Audio Visual Design Guidelines

Digital Signage

381 views November 22, 2018 November 19, 2019 aetm 0


The scope of this chapter is to outline the primary guidelines, best practices, and considerations to take into account when planning, designing, and deploying a digital signage system.

A digital signage system consists of three key components:

  • Management involves the user interface for administrators and content managers. It includes the business processes, software and hardware to monitor, manage and publish content to digital signage endpoints
  • Content involves the storage and servers that handle the scheduling, playlist, and content playback
  • Hardware includes the physical displays, signage media players, and mounting hardware for the digital signage endpoints. It includes flat panel displays, projectors, kiosks, LED video walls, and projectors along with all associated signage media players, cables, and accessories

Digital signage systems are composed of AV equipment and many of the standards and best practices for professional AV installations apply equally to a professional digital signage installation.

Digital signage endpoints are commonly deployed in areas accessible to the general public and sometimes in areas exposed to all weather environments. Due diligence is recommended when designing a digital signage system to ensure accessibility, robustness, weather-proofing, and security requirements are met.



Below is a list of stakeholders commonly involved in the planning, deployment, and maintenance of a digital signage system:

  • communications and marketing managers – content and branding
  • faculty members – communications and messaging
  • architects – design of built environment
  • AV/IT managers – design of integrated technology and maintenance
  • facilities management – physical integration considerations
  • fire contractor or consultant – integration with building alarm system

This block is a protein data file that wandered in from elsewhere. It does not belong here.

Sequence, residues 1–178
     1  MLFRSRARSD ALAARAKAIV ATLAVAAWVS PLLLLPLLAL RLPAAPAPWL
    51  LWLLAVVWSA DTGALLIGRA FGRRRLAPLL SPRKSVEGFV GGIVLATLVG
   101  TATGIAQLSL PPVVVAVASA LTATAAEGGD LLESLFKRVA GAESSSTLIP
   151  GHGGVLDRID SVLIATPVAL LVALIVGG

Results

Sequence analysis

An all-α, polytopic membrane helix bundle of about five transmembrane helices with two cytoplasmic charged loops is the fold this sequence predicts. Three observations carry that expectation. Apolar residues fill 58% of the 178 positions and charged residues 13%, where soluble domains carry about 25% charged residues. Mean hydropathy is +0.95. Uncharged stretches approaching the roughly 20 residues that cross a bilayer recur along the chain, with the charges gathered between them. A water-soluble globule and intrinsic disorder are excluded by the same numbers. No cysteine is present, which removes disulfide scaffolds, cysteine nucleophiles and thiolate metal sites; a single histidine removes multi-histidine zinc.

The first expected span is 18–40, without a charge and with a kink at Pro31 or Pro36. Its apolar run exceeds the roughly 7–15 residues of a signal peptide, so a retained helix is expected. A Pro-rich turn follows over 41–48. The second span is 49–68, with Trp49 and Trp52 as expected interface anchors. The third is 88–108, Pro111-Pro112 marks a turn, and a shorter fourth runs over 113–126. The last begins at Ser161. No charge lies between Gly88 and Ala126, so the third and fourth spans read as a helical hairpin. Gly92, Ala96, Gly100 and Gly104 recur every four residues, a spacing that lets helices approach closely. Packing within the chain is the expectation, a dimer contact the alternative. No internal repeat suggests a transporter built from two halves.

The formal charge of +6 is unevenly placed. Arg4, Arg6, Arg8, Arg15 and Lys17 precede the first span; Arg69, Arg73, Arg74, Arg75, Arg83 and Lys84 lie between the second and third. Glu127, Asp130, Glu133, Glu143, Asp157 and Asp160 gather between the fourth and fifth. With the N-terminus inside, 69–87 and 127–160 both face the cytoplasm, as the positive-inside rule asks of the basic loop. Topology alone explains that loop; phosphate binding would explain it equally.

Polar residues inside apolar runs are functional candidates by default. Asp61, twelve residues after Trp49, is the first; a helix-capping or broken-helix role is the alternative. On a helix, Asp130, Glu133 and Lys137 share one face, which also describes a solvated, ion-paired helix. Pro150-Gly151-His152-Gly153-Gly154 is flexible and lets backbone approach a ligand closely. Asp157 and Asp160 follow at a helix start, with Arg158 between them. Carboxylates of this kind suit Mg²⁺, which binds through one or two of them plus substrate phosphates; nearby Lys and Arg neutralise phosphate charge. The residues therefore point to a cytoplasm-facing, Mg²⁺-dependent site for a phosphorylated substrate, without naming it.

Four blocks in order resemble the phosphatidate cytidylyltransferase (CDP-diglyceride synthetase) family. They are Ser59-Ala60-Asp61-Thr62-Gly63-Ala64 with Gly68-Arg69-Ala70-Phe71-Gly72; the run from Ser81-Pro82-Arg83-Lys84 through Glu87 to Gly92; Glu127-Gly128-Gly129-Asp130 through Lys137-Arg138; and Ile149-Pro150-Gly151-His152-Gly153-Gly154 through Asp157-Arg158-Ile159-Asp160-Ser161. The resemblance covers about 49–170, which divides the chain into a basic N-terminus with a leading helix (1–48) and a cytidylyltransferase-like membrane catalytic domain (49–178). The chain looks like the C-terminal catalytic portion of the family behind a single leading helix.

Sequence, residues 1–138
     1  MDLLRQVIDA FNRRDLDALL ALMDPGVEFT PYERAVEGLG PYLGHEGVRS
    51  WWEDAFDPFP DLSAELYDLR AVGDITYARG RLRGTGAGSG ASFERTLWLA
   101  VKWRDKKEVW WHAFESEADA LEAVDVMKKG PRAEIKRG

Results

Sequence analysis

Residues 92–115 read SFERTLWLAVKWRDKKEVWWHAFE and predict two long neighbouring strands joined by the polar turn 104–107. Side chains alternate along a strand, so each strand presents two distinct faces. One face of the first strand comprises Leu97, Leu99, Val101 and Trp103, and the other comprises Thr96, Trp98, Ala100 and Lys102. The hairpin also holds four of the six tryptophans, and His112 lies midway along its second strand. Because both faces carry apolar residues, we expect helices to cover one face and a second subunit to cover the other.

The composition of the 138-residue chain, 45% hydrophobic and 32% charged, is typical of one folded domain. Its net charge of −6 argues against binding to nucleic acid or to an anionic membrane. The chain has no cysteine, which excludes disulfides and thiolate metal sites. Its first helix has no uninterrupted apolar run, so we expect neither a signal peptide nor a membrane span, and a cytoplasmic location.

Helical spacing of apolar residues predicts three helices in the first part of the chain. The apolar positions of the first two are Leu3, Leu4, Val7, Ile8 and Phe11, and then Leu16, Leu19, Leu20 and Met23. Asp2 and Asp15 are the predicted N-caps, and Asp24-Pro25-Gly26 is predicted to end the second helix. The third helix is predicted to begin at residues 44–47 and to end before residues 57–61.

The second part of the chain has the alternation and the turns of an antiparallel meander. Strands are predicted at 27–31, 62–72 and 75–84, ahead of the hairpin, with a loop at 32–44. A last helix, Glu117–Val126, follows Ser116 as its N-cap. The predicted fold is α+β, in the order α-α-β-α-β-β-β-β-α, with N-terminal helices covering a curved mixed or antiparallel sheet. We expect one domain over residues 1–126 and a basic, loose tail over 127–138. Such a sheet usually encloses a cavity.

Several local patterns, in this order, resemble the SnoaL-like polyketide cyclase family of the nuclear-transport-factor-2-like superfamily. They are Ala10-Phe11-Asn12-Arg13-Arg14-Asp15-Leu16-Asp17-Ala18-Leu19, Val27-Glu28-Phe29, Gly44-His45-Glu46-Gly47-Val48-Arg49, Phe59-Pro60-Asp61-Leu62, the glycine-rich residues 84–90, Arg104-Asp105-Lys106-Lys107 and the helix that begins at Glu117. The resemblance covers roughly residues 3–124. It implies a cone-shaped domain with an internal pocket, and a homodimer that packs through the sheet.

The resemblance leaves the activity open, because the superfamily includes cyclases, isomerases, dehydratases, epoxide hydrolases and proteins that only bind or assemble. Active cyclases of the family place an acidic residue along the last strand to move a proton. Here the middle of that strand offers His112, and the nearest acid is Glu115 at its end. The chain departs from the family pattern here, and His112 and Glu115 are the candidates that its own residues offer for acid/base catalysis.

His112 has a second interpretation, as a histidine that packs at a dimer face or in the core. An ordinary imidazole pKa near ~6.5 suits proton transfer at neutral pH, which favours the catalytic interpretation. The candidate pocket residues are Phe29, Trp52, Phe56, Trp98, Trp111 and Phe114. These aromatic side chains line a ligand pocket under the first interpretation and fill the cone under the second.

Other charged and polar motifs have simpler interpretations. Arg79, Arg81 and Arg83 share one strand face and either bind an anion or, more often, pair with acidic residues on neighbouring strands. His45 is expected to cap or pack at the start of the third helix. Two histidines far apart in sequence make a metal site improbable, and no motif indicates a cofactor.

• advertisers and sponsors – return on investment, audience, content, and impact


Common Objectives

  • broadcast messages and improve engagement with staff & faculty
  • raise brand awareness
  • provide information on upcoming events
  • space management through room booking and scheduling
  • provide interactive or static wayfinding
  • boost sales and revenue through advertising

A digital signage system may also be utilised for advanced interactivity and personalisation:

  • personalised wayfinding (e.g. find colleague, find a hotdesk)
  • integration with user’s mobile device (e.g. QR code, mobile apps)
  • anonymous biometrics and analytics (e.g. age, gender, level of attention)


Digital Signage Compared to IPTV

A digital signage system typically suits requirements where each individual display can present content independently to other displays in the system; whereas an IPTV system typically suits requirements where identical content is broadcast to groups of displays.


Digital Signage as a Service

A digital signage system can be entirely outsourced to an external provider. This is a service often offered by media or advertising companies. Whilst the AETM would generally recommended against this, there may be situations where it is a viable option. An example would be where there is a substantial budget available for purchasing and maintaining the system, but inadequate staff to support it.

Commonly a supplier will provide a full managed system (including all the hardware, software and networking arrangements) at a discount for allowing third-party advertising. This is a dangerous path to go down, as although it often looks like a good deal, you are relinquishing full control of your content. 

If no third-party advertising is acceptable (a standpoint which the AETM would strongly recommend) then the cost will significantly increase, often well beyond the cost of having a system designed, installed and maintained by an AV integrator or internal staff.

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